EXAM #3: DRUGS OF ABUSE Flashcards Preview

Pharmacology > EXAM #3: DRUGS OF ABUSE > Flashcards

Flashcards in EXAM #3: DRUGS OF ABUSE Deck (33):
1

What is the hallmark of drug addiction?

Compulsive drug use

2

What is the basic definition of physical dependence?

Dependence is when the drug is necessary for normal physiologic function

3

What is the hallmark of physical dependence with drug cessation?

Withdrawal

4

Generally, what withdrawal symptoms with drug cessation?

The OPPOSITE effects of the drug

5

What three factors confer a high degree of relapse in addicts?

1) Re-exposure to the drug
2) Exposure to contextual cues
3) Stress

6

What brain system are activated by all addictive drugs?

Mesolimbic dopamine system

7

What is pharmacokinetic tolerance?

Increased drug metabolism resulting in tolerance

8

What is pharmacodynamic tolerance? What are the mechanisms of pharmacodynamic tolerance?

CNS response to chronic drug use:
- Desensitiziation
- Down-regulation of drug receptors
- Internalization of receptors

9

What are the psychological manifestations of withdrawal?

- Dysphoria
- Depression
- Anxiety
- Craving
- Psychosis

10

What region of the brain is involved in the reward pathway?

Ventral Tegmental Area (VTA)

11

What four areas does the VTA project to?

1) Amygdala
2) Nucleus Accumbens
3) Prefrontal cortex
4) Hippocampus

12

What are the three drug "targets" in the VTA?

1) Gi GPRCs that inhibit GABA
2) Ionotropic DA receptors
3) DA uptake transporter (inhibition)

13

What drugs act on Gi GABA GPRCs in the VTA?

1) Opioids
2) THC
3) GHB

14

What drugs act on DA ionotropic receptors in the VTA?

1) Benzodiazepines
2) Nicotine
3) Ethanol

15

What drugs block DA transporters in the VTA?

1) Cocaine
2) Amphetamine
3) Ecstasy

16

What is the RR of addiction to CNS depressants?

3

17

What type of elimination kinetics does alcohol follow?

Zero-order i.e. a constant amount of alcohol is eliminated per unit of time

18

Is the half-life of alcohol dependent on dose?

Yes e.g. 5 drinks= 5 hours to eliminate vs. 10 drinks = 10 hours to eliminate

19

What is the first step in alcohol metabolism?

Alcohol Dehydrogenase (ADH)

20

What drug is used to treat methonal and ethylene glycol poisoning? What is the MOA of this drug?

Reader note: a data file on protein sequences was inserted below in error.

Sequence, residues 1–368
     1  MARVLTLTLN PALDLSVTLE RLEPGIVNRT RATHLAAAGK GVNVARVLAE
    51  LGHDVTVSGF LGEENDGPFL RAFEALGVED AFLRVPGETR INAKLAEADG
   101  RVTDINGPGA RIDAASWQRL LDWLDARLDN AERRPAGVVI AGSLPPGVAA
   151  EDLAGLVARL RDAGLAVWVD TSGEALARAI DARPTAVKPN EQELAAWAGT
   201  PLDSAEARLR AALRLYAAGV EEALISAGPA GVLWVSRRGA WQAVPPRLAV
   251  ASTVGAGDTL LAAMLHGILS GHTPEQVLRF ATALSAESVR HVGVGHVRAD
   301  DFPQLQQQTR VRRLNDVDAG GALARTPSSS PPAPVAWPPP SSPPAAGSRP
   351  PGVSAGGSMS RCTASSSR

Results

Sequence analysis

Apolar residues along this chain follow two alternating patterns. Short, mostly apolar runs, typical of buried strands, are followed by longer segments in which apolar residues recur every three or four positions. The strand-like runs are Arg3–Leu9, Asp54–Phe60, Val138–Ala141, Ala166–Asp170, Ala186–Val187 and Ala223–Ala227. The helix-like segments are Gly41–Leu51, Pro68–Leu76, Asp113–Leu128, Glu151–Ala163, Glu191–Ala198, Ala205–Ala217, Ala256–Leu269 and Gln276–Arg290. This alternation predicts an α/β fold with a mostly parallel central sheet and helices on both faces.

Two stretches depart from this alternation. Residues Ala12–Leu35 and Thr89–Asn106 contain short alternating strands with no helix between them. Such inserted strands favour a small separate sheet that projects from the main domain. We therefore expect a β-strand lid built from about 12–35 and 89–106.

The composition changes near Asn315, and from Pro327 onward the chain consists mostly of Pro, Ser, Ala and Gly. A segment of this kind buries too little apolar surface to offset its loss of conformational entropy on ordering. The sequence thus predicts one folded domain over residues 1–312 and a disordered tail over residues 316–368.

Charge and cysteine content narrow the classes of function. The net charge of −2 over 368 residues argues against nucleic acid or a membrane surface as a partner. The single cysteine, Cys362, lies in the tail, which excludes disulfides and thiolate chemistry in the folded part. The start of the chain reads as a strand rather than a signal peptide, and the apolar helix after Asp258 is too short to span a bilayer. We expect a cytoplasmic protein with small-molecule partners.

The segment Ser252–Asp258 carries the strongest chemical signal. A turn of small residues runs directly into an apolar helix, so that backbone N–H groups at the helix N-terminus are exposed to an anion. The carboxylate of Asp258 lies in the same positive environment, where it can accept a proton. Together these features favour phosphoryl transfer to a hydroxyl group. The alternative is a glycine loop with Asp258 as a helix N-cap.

Fomepizole--inhibits ADH i.e. Alcohol Dehydrogenase

21

What is the second step in alcohol metabolism?

Aldehyde Dehydrogenase

22

What drug blocks Aldehyde Dehydrogenase (ALDH)? What is this drug used for?

Disulfram-- causes acetaldehyde to accumulate and causes unpleasant side effects

23

How many drinks does it take to put the average adult over the legal limit to drive?

2-4 drinks/hour

24

What general class of drugs should not be combined with alcohol for fear or potentially fatal side effects?

CNS depressants i.e. Barbiturates, Benzodiazepines, Marijuana

25

What is Wernicke-Korsakoff Syndrome?

Neurological condition associated with B1 deficiency in combination with excessive alcohol consumption

26

What are the symptoms of Wernicke-Korsakoff Syndrome?

1) Ocular disturbance
2) Changes in mental status
3) Memory impairment
4) Movement difficulties

27

What is Fetal Alcohol Syndrome (FAS)?

Teratogenic disorder seen in children borne to alcoholic mothers

*****Note that there is NO safe level of alcohol consumption in pregnancy*****

28

What are the symptoms of FAS?

1) Mental retardation
2) Hyperactivity
3) Antisocial behavior

29

What is the progression of liver pathology seen in chronic alcoholism?

1) Fatty liver
2) Alcoholic hepatitis
3) Liver cirrhosis
4) Liver failure

30

What is the most common two-drug combination that results in death?

Cocaethylene

31

What is cocaethylene

Liver metabolizes alcohol and cocaine--product is Cocaethylene

32

What are the two drugs that are used to treat chronic alcoholism?

1) Disulfiram
2) Naltrexone

33

What is the mechansim of action of Naltrexone in alcohol abuse?

Blocks reinforcing properties of alcohol

****Note that this is an OPAITE antagonist*****

Decks in Pharmacology Class (64):